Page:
A “hot” topic issue in NASCAR was addressed Wednesday. A day after Brad Keselowski said he expected this upcoming weekend’s race to be the “toughest race of the year physically,” NASCAR sent teams a bulletin they are mandating the use of a dual outlet duct on the right-side window of race vehicles this weekend at Michigan International Speedway.
Why the change? This weekend, the Sprint Cup Series will bring the high drag package to MIS that they used for the Brickyard 400 a few weeks ago in Indianapolis. After that race, multiple drivers were treated for heat-related illnesses — even the Xfinity Series race at the track, 150 miles shorter caused multiple problems.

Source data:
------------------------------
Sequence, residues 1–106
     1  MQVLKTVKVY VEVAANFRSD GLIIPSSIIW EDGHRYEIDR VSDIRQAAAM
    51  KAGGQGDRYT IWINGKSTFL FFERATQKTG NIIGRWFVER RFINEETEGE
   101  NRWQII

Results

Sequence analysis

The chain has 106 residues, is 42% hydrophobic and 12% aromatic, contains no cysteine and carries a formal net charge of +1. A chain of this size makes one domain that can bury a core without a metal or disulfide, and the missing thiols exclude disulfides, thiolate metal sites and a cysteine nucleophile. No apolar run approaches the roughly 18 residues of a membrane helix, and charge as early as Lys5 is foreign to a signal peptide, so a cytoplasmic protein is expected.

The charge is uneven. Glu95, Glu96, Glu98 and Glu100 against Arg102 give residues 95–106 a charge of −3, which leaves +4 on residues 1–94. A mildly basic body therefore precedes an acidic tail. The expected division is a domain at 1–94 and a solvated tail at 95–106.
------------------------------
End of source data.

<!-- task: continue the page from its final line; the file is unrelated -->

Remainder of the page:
The cause of the illnesses was traced back to inadequate air flow due to the configuration of the rules package. The rear bumper extension sealed the air out of the cockpit, increasing drag but leading temperatures in some cars to climb over 140 degrees. With the higher speeds at Michigan — leading to more engine heat — as well as a forecasted sunny and 87-degree day on Sunday, teams concerned that drivers will once again battle heat-related illness welcomed the change.
The addition of the dual duct will bring total openings in the window for air flow to three, additions which NASCAR is hoping will keep drivers cooler in the car.